The town of Dolores started the year with several vehicle break-ins and other thefts.
Two burglaries were reported in early January, and several items were stolen out of vehicles on the night of Jan. 15.
Montezuma County Sheriff Steve Nowlin believes all the vehicle break-ins were committed by one group of juveniles. He also said the crimes should serve as a reminder to town residents of the importance of basic safety precautions.
“Take the valuables out of your car, lock your car and take your keys, please,” he said. “That will just stop so much of it. If there’s nothing there to take, they won’t enter your car.”
Deputies have made arrests in both burglary cases, including out-of-town suspect Ryan Versaw, who allegedly left a four-page letter identifying himself at the scene of the crime on Jan. 6. The suspect in the other case, reported on Jan. 16, was a renter who allegedly stole several appliances and items of furniture from a landlord’s property, most of which were returned to the owner.
While it’s somewhat unusual for Dolores to get two burglaries in one month, Nowlin said there was nothing too unusual about the crimes themselves. The sheriff said most burglaries in the area are committed by people who know the property owners and where they keep their valuables, like the renter, or transients in need of a place to sleep, like Versaw.
While Nowlin said the two burglaries were unconnected, all the vehicle break-ins were reported on the same day and occurred within the same three-block area.
Two rifles were reported stolen out of a vehicle in the 200 block of Central Avenue, and four vehicles in the 300 block of Riverside Avenue, across Colorado Highway 145, were also broken into. The stolen items included hunting knives, cell phone chargers and other gadgets, all worth less than $500. A $200 security camera at the liquor store was also damaged when the thieves tried unsuccessfully to break in.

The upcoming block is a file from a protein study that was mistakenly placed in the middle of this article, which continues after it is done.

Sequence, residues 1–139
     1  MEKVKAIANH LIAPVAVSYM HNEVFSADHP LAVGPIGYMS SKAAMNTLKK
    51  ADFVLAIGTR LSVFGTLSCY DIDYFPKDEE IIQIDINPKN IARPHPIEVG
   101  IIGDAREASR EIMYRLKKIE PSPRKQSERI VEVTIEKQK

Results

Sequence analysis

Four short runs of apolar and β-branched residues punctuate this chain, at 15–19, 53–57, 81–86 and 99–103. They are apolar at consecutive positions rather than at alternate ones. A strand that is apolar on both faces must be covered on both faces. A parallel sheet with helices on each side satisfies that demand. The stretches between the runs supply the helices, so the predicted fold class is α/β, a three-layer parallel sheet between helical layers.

Nowlin said video surveillance from outside the nearby Dolores Liquor store indicates all the crimes were probably committed on the same night. All the vehicles were unlocked at the time of the thefts.
Nowlin said the current suspects are juveniles who were staying in Dolores the night of the thefts. The case remains under investigation, but he expects it to be closed this week.
Thefts of firearms are considered more serious than other thefts, Nowlin said, because there’s always a chance they will be used to commit a violent crime.. But he’s optimistic the stolen rifles will turn up within the county soon.
Burglaries and thefts, especially in a small town like Dolores, are fairly easy to solve, Nowlin said. Because most burglars in Montezuma County know their victims, they can be tracked down quickly, as was the case with the January thefts.
But the sheriff’s office doesn’t have enough deputies to do regular prevention patrols yet, so Nowlin said it’s up to county residents to secure their belongings.
“The days of leaving our doors open or unlocked in our homes, and leaving our cars unlocked and running, are over,” he said. “Just pay attention and be a good neighbor ... if you see something suspicious, call us.”
But Nowlin did say he hopes some of the department’s new innovations, like the mounted patrol in Dolores, will help cut down on property crime.
“Nobody’s looking for a deputy on a horse,” he said.